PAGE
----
Q3Ambientfest | Q&A
David Allred is a musician, multi-instrumentalist, composer, songwriter and sound engineer based in Portland, Oregon. While primarily working and touring internationally as a solo artist, David has also released music under various collaborative projects such as Allred & Broderick (with Peter Broderick) and Good Enough for Grandpa (with Greg Eldridge). David has additionally appeared on works by Heather Woods Broderick, Lubomyr Melnyk, Masayoshi Fujita, Chantal Acda, Brigid Mae Power, Birger Olsen, Jung Body, St. Tsunami, The Beacon Sound Choir, etc.
I usually draw inspiration from people and stories. Sometimes I make up stories and other times I’m inspired by real life situations, and sometimes I combine the two. Even when I make up a story entirely, it comes from a real place. I like to think that the imagination can be as vivid and real as anything.
Gain & Loss
I view this pandemic as a sad but necessary event for humanity. It has helped further expose major systemic flaws in modern society which feels like a step in the right direction for a more safe and stable future. It has also served as a time for self-reflection. It’s largely perspective. The limitations at this time are real but they’re also unique opportunities. And to those who have passed or lost a loved one to the virus, it’s a real tragedy. We are not all affected the same and I hope this also leads to a more empathetic collective consciousness than we had before it all went down.
Virtual concerts and live concerts are very different experiences in terms of sound and the social aspects but in a world where live concerts are obsolete until further notice, virtual ones are a great way to connect for the time being and I’m sure it will continue to serve its purpose well after live concerts are happening again.
Studio & Workspace
I like to keep it relatively simple but also free of limitations. I’m always working on ways to develop myself as an audio engineer especially as I am helping out other musicians more with their projects. I typically work alone with my home setup but I also enjoy working in studios with other musicians when I have the chance. Another post-pandemic thing to look forward to. I also look forward to inviting musicians into my home studio for collaboration someday.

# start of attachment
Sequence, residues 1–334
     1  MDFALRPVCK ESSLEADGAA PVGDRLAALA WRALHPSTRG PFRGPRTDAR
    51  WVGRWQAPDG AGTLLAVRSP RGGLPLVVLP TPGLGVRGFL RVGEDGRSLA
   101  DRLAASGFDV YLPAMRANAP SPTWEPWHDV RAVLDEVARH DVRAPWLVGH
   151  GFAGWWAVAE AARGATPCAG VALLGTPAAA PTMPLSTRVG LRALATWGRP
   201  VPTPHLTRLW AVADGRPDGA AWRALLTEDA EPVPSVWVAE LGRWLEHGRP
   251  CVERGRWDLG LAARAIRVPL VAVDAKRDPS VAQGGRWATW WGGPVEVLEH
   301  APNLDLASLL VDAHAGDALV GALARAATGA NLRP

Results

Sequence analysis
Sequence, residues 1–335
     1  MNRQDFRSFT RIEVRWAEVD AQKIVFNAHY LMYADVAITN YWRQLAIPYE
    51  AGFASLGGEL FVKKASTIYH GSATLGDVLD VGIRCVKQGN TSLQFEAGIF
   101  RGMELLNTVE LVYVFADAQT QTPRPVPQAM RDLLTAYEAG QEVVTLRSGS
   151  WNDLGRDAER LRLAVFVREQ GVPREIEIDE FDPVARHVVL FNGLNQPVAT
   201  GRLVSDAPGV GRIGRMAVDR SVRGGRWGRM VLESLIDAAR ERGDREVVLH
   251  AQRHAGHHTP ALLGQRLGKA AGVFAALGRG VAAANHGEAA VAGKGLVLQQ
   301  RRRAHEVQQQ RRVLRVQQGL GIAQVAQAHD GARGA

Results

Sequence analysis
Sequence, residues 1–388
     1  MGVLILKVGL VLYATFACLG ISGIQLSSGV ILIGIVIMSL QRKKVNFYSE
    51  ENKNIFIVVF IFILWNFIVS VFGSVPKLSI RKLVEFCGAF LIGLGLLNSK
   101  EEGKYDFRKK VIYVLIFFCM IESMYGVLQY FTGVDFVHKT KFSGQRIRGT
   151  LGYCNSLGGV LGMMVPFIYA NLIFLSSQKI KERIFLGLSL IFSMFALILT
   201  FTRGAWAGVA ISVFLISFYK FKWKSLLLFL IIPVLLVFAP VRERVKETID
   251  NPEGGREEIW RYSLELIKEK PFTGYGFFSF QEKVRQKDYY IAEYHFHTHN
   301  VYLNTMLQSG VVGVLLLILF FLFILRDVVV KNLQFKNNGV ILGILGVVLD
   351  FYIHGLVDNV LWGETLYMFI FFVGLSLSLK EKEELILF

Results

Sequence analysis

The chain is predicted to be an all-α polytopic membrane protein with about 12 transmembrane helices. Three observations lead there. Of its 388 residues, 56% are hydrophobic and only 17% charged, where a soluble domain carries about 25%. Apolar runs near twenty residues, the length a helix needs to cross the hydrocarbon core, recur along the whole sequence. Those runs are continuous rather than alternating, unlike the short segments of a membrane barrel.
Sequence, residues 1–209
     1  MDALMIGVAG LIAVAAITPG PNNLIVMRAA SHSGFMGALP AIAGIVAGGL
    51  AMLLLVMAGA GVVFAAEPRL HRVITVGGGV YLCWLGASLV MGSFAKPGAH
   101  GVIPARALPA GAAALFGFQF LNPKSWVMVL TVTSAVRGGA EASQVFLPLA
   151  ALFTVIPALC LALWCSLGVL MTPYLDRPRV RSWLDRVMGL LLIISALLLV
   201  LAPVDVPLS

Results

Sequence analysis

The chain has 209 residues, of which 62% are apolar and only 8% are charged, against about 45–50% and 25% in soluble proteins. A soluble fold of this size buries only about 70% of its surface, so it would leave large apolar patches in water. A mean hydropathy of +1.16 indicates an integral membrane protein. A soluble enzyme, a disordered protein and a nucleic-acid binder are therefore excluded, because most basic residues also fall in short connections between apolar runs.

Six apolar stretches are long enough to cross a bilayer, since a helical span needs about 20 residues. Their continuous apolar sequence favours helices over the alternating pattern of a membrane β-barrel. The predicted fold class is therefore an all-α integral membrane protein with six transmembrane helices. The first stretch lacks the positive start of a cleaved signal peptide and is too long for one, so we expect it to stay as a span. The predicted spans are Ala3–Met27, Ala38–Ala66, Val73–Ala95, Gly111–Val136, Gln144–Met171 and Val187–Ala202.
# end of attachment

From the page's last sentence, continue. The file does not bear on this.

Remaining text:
I think I’m always more into the idea of a routine than the reality of it. It entirely depends on what I have going on but I can definitely get into a routine at times. These days I’m just trying to create diversity in my life which requires a lot of experimenting and trying new things which I find helps my mental health more than falling into the same routines.
I would absolutely love to collaborate with Jon Brion! I actually wrote him a letter a few years ago and still haven’t sent it to him, yet! I haven’t been fully aware of his music for very long but these days I find myself diving deep into his film soundtrack work in particular and feeling a profound connection to it. Sometimes it feels like I’m listening to myself when I listen to his music which is kinda crazy because there’s no obvious correlation between his and my work, as far as I’m aware. I just feel like we somehow exist creatively on a similar wavelength and I think it would be very interesting to see what happens if we worked together. I’d actually love to help produce an album of his own!
I’ve always been a creative person but I wasn’t too drawn to music until I was in late middle school/early high school. Once I got an iPod where I could download music and listen freely as I went on walks in my early adolescence, the rest was history. I must note that I’ve had some hugely inspirational friends with eclectic tastes in music back in the day which largely catapulted the direction I went with music in my life. Shout out to my dear friend Greg Eldridge in particular! I also had a piano in my childhood home which I taught myself how to play and I took trumpet lessons for 7 years with an exceptional teacher named Dave Metzker who also played a big role in my understanding and appreciation of music. I went to schools with nice music programs where I studied jazz and classical music (shout out to Curtis Gaesser, Steve Roach, etc.) until I branched away from the academic world of music and into the real world. I have a decent amount of proper music training but I’m primarily self-taught as a composer and multi-instrumentalist. I enjoy experimenting and making music in my own way without following any particular tradition or trend in music.
This is the big question. My main focus is to create without forcing anything or trying “too hard” to make something happen. I like to do it naturally and with purpose. However, I’ve been a perfectionist which is challenging on a personal level though I also embrace flaws (or character) in performances and production too. I’ve often felt a stronger personal connection to some rough lo fi recordings over some high budget studio recordings enough to realize that the magic isn’t always in the prestige but with genuine intentions. And those intentions will always come across/speak for itself regardless of how polished the sound is.
Health and Productivity
Well there isn’t a great distinction between the two in my case because I’m generally a private person anyway. So I don’t really have to strive for a balance when I’m naturally reserved. If anything, I might want to put myself out there more. I’m happy in my private life with my girlfriend but I also enjoy meeting new people and socialization. I’m a people-person but also very selective of who I accept into my personal/professional life, maybe a little too selective. I’m working on it. : ]
Background image by Michael O’Neal.